Monday, 18 May 2015
I've been out and about in schools during what teachers call "NAPLAN" week.
The first thing you notice when visiting a school at this time is that everything (and I mean absolutely everything) gives way to the testing regime. Normal operation (teaching and learning) quite simply is suspended for all those involved - students, teachers and administrators.
Because I work mostly in small schools lacking in additional infrastructure to support the process, they pretty much shut up shop to administer and supervise the tests.
Something is badly haywire.
When working in schools, I ensure that if I'm in a classroom, I contribute to whatever is going on, and avoid, like the plague, distracting the teacher from his/her work, which is, as far as I'm concerned, almost sacred.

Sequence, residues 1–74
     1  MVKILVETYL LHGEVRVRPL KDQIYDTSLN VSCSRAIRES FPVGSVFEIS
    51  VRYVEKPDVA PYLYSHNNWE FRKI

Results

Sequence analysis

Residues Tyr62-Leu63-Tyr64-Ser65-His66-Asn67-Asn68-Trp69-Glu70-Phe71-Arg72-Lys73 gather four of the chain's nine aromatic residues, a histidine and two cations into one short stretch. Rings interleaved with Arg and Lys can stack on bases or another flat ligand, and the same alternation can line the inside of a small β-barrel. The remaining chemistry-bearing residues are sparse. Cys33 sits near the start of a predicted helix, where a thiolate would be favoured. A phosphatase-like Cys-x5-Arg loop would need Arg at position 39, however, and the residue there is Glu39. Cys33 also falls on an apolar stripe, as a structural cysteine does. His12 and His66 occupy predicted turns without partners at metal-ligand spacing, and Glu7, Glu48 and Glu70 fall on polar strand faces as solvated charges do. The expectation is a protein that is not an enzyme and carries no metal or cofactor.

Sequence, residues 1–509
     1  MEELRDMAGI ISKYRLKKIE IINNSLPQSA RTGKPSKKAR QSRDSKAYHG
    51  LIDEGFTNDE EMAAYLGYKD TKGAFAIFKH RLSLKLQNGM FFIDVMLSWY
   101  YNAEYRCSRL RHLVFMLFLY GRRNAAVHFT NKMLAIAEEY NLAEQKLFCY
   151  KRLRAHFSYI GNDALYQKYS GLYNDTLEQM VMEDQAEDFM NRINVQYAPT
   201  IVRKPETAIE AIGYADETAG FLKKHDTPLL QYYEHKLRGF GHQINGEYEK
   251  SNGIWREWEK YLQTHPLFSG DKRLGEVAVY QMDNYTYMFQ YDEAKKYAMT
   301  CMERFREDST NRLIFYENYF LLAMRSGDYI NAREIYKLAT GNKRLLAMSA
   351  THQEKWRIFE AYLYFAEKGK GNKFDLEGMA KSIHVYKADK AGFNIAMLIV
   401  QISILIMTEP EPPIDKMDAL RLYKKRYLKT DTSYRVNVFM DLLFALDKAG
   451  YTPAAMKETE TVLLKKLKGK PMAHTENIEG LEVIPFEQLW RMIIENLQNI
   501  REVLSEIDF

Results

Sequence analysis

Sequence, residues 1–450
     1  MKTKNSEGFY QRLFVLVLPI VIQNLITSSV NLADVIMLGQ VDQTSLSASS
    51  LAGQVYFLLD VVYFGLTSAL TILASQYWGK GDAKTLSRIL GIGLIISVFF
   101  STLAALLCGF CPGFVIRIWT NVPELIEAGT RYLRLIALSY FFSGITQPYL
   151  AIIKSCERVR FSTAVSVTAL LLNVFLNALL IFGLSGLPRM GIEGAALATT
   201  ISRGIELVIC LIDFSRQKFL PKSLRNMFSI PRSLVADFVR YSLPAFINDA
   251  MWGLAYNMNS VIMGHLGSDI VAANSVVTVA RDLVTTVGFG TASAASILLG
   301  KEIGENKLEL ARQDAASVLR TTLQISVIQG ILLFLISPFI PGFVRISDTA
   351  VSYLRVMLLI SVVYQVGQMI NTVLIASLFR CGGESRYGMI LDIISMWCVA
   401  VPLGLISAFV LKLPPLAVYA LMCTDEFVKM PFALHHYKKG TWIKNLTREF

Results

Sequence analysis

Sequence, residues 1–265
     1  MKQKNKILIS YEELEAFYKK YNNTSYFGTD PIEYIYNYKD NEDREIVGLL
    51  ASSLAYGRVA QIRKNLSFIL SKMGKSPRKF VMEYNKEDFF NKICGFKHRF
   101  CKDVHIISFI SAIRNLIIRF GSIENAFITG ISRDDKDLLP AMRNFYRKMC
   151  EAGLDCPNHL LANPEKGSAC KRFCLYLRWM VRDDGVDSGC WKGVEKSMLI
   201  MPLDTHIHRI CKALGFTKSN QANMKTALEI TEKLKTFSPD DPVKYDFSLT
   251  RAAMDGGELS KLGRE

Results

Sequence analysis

The testing regime completely abandons this principle.
I guess you could compare Literacy and Numeracy testing to system maintenance. To extend the metaphor, it could be seen to resemble maintenance checks carried out by airlines on their aircraft.
What airline would ground all its aircraft for about three days once a year to carry out these checks and audits? Not one that wants to stay in business, I hear you say.
Why then, cannot the various education bureaucracies in this country institute a testing regime which doesn't completely shut down the core business of schools? And whilst they're at it, why can't they include other important aspects of the curriculum (say Music and Art) in the same testing regime?
Perhaps, if they did, these life-enhancing aspects of scholarship would be restored to their rightful place in the curriculum. They're not tested, so they're relegated - ask any music or arts teacher.
As *Albert Einstein is reputed to have said - Not everything that counts can be counted, and not everything that can be counted counts.
No wonder many practicing teachers refer to the programme as "Napalm". It burns everything and everyone it touches, and leaves only ashes in its wake.
* It was actually William Bruce Cameron
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